As deadline looms, railroads say strike would cost $2B a day
The major freight railroads say in a new report designed to put pressure on unions and Congress that a strike would cost the economy more than $2 billion a day and disrupt deliveries of all kinds of goods and passenger traffic nationwide if it happens after a key deadline passes next Friday without a contract agreement.
CSX profit slips in 4Q but railroad hauls 4% more freight
FILE - A CSX freight train pulls through McKeesport, Pa., on Tuesday, June 2, 2020. CSX railroad reported relatively flat fourth-quarter earnings even though it hauled 4% more freight as the economy continued to rebound from last years widespread virus-related shutdowns. – CSX railroad reported relatively flat fourth-quarter earnings even though it hauled 4% more freight as the economy continued to rebound from last year’s widespread virus-related shutdowns. The freight railroad posted revenue of $2.83 billion in the period, also beating Street forecasts. In last year's second quarter, volume fell 20% when many businesses were shut down as officials sought to limit the spread of COVID-19.
Union Pacific delivered 3% more freight as economy recovered
FILE - In this Sept. 13, 2019, file photo the logo for Union Pacific appears above a trading post on the floor of the New York Stock Exchange. Without that charge, Union Pacific said it would have reported $1.6 billion net income, or $2.36 per share. Union Pacific said volume grew 3% as the economy continued to recover from the worst of the pandemic. During the quarter, Union Pacific limited its expense growth to to 1% even as it handled more shipments and recorded the one-time charge. Union Pacific is one of the nation’s largest railroads, and it operates 32,400 miles (52,000 kilometers) of track in 23 Western states.
Hawley, facing fallout, blames media, D.C. 'establishment'
FILE - In this Jan. 6, 2021 file image from video, Sen. Josh Hawley, R-Mo., speaks at the U.S. Capitol in Washington. And the allegation itself is corrosive and dangerous.”Other than Trump himself, no politician has suffered the fallout as has Hawley. “Missouri is fed up,” Justice Horn, of Kansas City, who helped organize the event, said in a news release. Hallmark Cards, based in Kansas City, earlier this week asked Hawley and Republican Sen. Roger Marshall of Kansas to return employee campaign donations. Hawley, in his 739-word essay, said those involved in the Capitol attack must be punished, saying, “Mob violence is always wrong.”“But democratic debate is not mob violence,” Hawley wrote.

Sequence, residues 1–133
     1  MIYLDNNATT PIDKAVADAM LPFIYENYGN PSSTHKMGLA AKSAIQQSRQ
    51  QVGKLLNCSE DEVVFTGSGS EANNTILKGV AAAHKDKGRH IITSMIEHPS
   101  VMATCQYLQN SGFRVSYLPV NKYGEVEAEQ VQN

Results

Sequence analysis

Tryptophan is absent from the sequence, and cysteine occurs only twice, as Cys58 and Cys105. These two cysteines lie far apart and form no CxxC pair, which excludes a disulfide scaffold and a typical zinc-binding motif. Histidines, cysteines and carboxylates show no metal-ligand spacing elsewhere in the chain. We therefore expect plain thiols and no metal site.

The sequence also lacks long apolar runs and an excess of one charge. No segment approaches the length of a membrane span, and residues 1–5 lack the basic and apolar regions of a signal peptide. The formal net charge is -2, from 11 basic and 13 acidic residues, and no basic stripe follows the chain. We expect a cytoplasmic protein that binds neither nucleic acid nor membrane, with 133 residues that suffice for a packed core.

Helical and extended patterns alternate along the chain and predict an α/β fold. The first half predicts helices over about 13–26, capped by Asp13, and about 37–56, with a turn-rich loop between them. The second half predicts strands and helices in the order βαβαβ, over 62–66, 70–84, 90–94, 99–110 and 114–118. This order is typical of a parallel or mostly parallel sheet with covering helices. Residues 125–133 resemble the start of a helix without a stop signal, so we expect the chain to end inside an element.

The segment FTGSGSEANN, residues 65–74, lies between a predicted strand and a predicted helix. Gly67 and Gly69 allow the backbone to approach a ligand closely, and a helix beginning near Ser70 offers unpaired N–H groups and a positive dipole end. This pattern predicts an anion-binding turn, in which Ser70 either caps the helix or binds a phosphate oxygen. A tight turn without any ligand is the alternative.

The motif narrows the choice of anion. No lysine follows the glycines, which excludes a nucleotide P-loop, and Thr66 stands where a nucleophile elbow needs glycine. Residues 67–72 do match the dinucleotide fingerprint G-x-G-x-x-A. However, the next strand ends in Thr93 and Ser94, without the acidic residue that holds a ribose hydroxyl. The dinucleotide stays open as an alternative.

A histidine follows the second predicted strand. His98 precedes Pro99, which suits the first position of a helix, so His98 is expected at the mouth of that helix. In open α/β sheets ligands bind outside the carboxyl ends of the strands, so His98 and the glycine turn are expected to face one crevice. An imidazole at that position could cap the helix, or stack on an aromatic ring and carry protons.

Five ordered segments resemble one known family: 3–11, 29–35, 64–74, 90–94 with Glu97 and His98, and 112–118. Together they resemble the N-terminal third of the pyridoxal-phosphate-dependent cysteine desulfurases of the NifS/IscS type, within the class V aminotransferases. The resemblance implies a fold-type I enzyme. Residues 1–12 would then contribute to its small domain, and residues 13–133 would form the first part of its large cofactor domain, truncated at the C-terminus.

CSX plans to buy regional railroad in northeastern U.S.
– CSX is acquiring a regional railroad in New England to bolster its network in the northeastern United States, but a rival railroad says the deal could hurt competition. If regulators approve the deal, CSX would also acquire Pan Am's partial ownership of a 600-mile joint venture with Norfolk Southern railroad called Pan Am Southern. Earlier this month, Norfolk Southern raised concerns about this deal with the Surface Transportation Board because it said allowing CSX to buy Pan Am could undermine competition between CSX and Norfolk Southern in the eastern United States. CSX already operates more than 21,000 miles (34,000 kilometers) of track in 23 Eastern states and two Canadian provinces. Norfolk Southern’s network of 19,500 miles of track covers much of the same territory as CSX in 22 Eastern states.
Bank profits remain resilient despite lingering pandemic
In the early months of the U.S. pandemic, banks set aside tens of billions of dollars to cover losses that could come from loans that were suddenly going bad. On top of the stimulus, banks entered into this pandemic the healthiest they’ve been in years and certainly healthier than they were before the financial crisis of 2008. JPMorgan set aside $611 million to cover potentially bad loans in the third quarter, a fraction of the $10.47 billion the bank set aside to cover bad loans in the second quarter. On Wednesday, Bank of America said it set aside $1.4 billion to cover potentially bad loans, far less than the $5.1 billion it set aside three months earlier. Most of the worry seems to reflect investors' uncertainty about whether banks will have to set aside additional billions in the future.